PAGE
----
New and Improved Skills. As for coming away from the Responding Effectively course with new and improved skills, Barbara Smith said, “I have more confidence for explaining the Bahá’í writings to seekers and friends of the Faith including my family members.” Lisa Kelly reported that “Reading all three of Duane Troxel’s study guides reminded me of the importance of historical context and served as an example to continue to read and analyze the Bahá’í writings from both a Bahá’í context and world-history context.” Judy Russell had a number of take-aways: “I have acquired the boldness to talk about difficult issues in a positive, big-picture light. I have acquired the skill to read Shoghi Effendi deeply. My concentration has improved, and my ability to speak what I know has become easier.”

New Feelings and Attitudes Experienced. Several of the women experienced a greater understanding of the unfoldment of a world civilization, as Judy Russell explained: “I take the future more seriously and in a more hopeful and convicted stance. I have a deeper appreciation of the tests and difficulties of the early Bahá’ís. I have a great love for Shoghi Effendi.” Lisa Kelly admitted that “the current political climate” made her “hesitant to revisit” Shoghi Effendi’s letters. But at the end of the course she “felt uplifted and more hopeful after studying and reflecting on these documents” Barbara Smith shared this: “I have every intention in continuing my studies into the historical relevance of the Bahá’í writings because of my new confidence.”

Changes in Values and Beliefs. All four women experienced changes in beliefs and values:

  • Barbara Smith: “My value system is now deeper. I believe I am on the right track.”
  • Lisa Kelly: “I have a stronger belief and assurance that a future Commonwealth will be realized, not only because the Bahá’í writings state that this New World Order will occur but also due to the analysis provided by Shoghi Effendi in these letters.”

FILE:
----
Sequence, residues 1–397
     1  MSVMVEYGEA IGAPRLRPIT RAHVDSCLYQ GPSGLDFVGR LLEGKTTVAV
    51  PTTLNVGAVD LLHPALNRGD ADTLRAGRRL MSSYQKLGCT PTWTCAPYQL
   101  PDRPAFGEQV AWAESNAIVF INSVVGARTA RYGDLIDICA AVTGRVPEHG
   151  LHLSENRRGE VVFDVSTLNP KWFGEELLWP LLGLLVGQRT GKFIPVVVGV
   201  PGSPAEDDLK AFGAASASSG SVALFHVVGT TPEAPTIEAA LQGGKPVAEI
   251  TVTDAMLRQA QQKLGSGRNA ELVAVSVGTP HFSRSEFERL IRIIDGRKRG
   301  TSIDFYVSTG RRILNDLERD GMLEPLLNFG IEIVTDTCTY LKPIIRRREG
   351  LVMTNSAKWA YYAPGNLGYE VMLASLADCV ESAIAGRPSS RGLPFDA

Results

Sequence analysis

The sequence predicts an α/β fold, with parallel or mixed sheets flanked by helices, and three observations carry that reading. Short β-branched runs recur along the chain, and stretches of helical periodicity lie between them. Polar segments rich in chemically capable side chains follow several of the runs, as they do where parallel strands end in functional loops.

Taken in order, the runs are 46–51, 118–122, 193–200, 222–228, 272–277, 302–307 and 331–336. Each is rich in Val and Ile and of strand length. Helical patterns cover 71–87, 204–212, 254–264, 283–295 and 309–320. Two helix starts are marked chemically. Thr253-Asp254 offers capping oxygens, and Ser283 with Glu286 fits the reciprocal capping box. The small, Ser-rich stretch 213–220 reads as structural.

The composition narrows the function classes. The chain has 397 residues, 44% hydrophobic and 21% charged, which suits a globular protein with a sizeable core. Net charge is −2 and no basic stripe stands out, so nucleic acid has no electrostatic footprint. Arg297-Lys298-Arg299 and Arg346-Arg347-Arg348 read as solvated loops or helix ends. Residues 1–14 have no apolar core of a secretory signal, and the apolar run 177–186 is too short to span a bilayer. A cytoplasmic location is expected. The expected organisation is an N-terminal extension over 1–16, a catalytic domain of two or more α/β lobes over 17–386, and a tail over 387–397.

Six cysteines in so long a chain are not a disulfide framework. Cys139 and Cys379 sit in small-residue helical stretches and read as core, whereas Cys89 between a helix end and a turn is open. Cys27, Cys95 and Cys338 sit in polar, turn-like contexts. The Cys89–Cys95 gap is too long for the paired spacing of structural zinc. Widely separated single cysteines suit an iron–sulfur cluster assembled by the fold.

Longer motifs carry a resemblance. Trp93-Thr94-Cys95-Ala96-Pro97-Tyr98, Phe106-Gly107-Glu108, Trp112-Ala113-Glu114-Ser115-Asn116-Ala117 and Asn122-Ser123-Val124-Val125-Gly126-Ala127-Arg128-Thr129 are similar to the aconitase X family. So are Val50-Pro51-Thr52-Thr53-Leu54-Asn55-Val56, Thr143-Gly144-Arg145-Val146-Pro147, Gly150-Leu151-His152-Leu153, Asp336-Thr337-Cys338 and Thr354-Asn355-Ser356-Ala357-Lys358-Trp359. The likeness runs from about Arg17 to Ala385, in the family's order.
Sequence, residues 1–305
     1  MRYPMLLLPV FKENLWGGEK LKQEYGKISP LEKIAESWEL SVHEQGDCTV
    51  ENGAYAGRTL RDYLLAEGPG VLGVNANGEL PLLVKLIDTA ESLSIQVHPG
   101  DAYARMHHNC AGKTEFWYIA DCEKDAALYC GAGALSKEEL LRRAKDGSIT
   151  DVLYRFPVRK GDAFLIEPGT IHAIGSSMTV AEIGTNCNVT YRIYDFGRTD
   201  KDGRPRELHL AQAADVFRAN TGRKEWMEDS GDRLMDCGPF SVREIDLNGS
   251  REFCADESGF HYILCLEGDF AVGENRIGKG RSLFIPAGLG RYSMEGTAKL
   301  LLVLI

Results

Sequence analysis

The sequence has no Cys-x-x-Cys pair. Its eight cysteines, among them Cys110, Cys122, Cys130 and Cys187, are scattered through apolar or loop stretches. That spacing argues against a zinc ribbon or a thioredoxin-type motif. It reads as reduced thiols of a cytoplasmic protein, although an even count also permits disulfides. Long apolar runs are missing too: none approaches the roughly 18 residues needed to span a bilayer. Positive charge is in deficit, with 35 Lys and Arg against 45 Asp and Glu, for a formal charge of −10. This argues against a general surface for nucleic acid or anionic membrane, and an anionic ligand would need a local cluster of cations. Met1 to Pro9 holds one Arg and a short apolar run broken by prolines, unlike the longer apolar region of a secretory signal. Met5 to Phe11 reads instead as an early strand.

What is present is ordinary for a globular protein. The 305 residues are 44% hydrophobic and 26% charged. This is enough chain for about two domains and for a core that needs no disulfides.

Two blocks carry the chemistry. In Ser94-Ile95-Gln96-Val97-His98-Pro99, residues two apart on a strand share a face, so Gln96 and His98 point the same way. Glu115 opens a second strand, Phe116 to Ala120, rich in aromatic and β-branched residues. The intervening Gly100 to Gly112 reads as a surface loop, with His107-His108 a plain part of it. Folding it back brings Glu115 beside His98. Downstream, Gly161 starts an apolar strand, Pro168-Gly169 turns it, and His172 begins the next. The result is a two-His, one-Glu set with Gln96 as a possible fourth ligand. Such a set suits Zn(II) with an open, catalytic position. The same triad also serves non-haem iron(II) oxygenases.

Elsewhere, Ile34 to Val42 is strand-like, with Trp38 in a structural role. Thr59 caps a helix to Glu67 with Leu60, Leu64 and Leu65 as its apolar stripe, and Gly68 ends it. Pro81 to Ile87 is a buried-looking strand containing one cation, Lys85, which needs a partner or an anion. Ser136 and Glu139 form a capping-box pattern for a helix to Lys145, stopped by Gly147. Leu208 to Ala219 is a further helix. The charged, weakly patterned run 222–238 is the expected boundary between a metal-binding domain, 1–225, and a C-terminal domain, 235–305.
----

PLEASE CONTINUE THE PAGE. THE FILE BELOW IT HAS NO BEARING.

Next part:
• Judy Russell: “My beliefs have deepened and become more in action.”
  • Nancy Barnes: “I feel more interest in participating in the teaching efforts of my community.”

Lisa KellyApply/Using Learnings Now That the Course Has Ended. What the four women have done while the course was in progress and what they are planning for their post-course actions would make any faculty member happy. While she was working her way through the course, Lisa Kelly created a devotions based on paragraph 95 [it begins “the Faith of Bahá’u’lláh has assimilated”] in “The Unfoldment of World Civilization” for the Bahá’í Center in Madison, Wisconsin; she told those present that the devotions was a result of her taking the Wilmette Institute course on Shoghi Effendi’s three letters. She had much more to say:

I will be better able to articulate the Bahá’í vision of a New World Order—federated states, disarmament, free trade, and so on, and I plan to continue consultations within my community regarding administration processes in order to be prepared for increased activity in the core activities. Overall, I am so pleased that I had the opportunity to re-study these letters through this course. I feel that I have a much deeper understanding after taking the time to respond to questions and learned much from the other participants and additional insight provided by our gracious instructors. Also, the additional material was excellent, including the videos: Douglas Martin’s talk provided a relevant and context for these letters in the current plans; the “Glimpses of Perfection” were beautiful and a wonderful reminder of our Faith’s building blocks and the sacrifices by ‘Abdu’l-Bahá to make the journey to North America; and Paul Lample’s talk on a framework for action provided great insight. And I am glad that I took the time to view the Wilmette Institute Web talks by Robert Atkinson and Elena Mustakova; I plan to re-watch both of these talks—and to share them with my community.

Barbara Smith